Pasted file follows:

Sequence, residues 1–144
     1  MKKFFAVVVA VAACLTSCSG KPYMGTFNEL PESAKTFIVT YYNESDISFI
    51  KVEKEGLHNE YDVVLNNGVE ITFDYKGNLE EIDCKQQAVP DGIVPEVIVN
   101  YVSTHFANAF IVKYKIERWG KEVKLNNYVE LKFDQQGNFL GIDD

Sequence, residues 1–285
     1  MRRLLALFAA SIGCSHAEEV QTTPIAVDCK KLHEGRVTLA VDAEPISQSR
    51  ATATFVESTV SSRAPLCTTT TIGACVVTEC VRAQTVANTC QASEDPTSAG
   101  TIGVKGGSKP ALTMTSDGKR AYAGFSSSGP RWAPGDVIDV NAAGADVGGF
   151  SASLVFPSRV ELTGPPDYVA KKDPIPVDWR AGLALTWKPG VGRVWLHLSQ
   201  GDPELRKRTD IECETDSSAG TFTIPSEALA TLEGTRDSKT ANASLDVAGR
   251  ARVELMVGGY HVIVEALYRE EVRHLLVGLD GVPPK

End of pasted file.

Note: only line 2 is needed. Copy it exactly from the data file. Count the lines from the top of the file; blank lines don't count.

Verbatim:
     1  MKKFFAVVVA VAACLTSCSG KPYMGTFNEL PESAKTFIVT YYNESDISFI